Welcome to Fast News Friday, brought to you by the automotive content experts at Foxtrot Papa. This week, Lamborghini is claiming to be the world’s first car maker to integrate voice activated what3words technology into its cars, Subaru has revealed its first all-electric car and Volvo steps up to the climate change plate with an announcement of a new internal carbon price.
The improvements in voice activation technology means taking your hands off the wheel to control navigation and heating systems will no doubt soon be phased out. Not only is it time consuming and often fiddly, it’s also dangerous. Next year the Lamborghini Huracán range will become the world’s first to integrate what3words – the innovative global addressing technology – fully enabled by Amazon Alexa. This will allow Huracán drivers to navigate by voice alone to precise locations anywhere on earth using only three words. This collaboration signals a forward thinking move to combine the best user experience with the slickest and most innovative technology. Luca Giardino, Head of Connectivity at Lamborghini, commented: “The future of mobility demands the most advanced technology, and that is why today Lamborghini is announcing the roll-out of what3words. Our drivers can experience the most seamless way to navigate by voice.”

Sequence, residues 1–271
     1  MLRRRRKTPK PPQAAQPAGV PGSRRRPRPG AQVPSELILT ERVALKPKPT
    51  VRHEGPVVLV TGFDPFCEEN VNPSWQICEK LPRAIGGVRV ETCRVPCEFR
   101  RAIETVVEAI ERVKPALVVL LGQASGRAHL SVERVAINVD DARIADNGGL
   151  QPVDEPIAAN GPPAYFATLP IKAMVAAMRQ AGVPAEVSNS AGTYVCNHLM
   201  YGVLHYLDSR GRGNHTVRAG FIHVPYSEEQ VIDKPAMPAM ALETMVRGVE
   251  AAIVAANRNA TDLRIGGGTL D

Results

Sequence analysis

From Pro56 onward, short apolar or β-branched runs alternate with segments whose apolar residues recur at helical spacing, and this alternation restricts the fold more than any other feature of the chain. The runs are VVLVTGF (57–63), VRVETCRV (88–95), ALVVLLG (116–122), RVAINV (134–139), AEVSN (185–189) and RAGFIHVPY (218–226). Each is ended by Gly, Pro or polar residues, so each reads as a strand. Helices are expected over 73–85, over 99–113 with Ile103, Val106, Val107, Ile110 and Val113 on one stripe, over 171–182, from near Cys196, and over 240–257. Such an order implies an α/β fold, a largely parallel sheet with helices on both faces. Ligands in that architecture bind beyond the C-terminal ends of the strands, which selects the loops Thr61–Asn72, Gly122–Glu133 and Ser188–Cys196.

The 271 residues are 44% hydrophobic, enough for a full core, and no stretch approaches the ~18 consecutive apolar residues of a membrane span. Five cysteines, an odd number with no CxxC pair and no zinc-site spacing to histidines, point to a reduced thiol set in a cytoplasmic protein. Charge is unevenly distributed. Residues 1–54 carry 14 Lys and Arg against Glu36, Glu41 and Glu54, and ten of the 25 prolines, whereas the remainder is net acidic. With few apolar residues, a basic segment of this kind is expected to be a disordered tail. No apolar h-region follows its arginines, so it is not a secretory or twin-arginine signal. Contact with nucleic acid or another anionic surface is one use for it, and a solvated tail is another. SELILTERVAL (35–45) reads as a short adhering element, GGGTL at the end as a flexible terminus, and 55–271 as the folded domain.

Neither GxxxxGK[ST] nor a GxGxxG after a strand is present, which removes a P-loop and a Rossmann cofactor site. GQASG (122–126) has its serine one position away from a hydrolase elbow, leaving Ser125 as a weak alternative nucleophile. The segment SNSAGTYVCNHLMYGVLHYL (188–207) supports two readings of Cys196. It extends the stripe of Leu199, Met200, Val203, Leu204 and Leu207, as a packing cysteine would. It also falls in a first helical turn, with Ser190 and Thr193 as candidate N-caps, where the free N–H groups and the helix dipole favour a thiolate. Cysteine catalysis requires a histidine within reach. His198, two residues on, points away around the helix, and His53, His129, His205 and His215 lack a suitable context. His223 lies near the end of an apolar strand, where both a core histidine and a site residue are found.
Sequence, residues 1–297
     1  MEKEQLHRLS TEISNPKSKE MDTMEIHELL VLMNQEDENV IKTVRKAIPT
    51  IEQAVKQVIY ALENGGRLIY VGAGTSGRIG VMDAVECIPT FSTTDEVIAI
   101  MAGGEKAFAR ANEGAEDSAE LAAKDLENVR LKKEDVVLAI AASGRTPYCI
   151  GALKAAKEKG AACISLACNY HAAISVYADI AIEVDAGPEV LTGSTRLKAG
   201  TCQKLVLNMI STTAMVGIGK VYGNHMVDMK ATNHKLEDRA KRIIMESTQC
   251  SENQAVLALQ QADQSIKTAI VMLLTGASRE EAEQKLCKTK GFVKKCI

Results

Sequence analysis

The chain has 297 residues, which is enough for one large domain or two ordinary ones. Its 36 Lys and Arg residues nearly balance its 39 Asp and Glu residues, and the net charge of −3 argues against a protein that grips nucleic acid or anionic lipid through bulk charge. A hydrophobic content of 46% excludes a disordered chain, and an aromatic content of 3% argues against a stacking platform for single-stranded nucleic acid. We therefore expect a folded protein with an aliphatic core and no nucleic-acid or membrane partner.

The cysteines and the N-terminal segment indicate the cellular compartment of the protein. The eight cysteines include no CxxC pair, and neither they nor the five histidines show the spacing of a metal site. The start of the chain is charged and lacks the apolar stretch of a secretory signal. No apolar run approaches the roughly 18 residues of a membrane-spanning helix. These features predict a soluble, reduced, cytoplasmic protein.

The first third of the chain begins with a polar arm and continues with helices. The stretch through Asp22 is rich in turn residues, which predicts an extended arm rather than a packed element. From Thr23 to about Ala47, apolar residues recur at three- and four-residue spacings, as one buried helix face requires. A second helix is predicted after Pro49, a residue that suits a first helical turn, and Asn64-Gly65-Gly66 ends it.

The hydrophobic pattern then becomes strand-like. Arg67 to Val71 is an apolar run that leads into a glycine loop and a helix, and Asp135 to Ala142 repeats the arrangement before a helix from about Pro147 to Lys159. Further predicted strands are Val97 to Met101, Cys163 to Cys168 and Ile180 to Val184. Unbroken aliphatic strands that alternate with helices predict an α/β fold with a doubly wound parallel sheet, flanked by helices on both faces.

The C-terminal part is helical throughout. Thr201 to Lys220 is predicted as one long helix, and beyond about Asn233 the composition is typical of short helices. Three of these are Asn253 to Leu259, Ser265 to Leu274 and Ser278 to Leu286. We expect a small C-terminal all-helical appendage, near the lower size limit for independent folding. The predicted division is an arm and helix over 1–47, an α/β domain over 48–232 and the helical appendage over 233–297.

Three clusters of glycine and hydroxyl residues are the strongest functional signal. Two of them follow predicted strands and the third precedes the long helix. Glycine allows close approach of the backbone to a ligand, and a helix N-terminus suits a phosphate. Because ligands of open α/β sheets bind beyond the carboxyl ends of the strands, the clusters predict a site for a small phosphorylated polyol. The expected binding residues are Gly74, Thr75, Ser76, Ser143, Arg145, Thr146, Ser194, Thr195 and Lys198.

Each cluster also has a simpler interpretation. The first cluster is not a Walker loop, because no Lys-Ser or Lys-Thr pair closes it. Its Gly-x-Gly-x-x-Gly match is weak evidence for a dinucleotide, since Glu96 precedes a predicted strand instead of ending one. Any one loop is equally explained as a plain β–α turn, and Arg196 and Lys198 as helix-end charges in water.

The latest major car brand to offer a new all-electric model is Subaru, with the new Solterra SUV – which promises genuine off-road ability. The car actually shares its underpinnings and several of its body panels with Toyota’s bZ4x and is powered by a 71.4kWh battery pack. Two powertrains will be offered, the entry-level model features a single-motor system producing 201bhp and with a 330-mile range. The higher spec model comes with a dual-motor, four-wheel-drive setup, which has a combined output of 215bhp. However, due to the increased energy consumption by the extra electric motor, maximum range drops to around 285 miles.
According to Auto Express, both Toyota and Subaru have previously said their joint EV venture will play to both brands’ strengths. As such, the SUV twins will combine Toyota’s experience with electric technology and Subaru’s four-wheel-drive and off-road expertise.
Volvo announced this week that it will join industry and government leaders in signing the Glasgow Declaration on Zero Emissions Cars and Vans at the UN climate change conference, COP26. The company is among several automakers, such as GM, Ford, Mercedes and Jaguar Land Rover, to sign the accord, which aims to accelerate the shrinking of transportation-related carbon emissions around the world. The world’s top two automakers, Toyota and Volkswagen, however, did not sign.
In fact, Volvo actually went one step further, announcing that it would introduce an internal carbon price of 1,000 SEK (approx. $115 USD) per metric ton of carbon emissions from across its entire business. “A global and fair price on CO2 is critical for the world to meet its climate ambitions, and we all need to do more,” said Björn Annwall, Volvo’s CFO. “We strongly believe progressive companies should take the lead by setting an internal carbon price. By evaluating future cars on their CO2-adjusted profitability, we expect to accelerate actions that will help us identify and reduce carbon emissions already today.”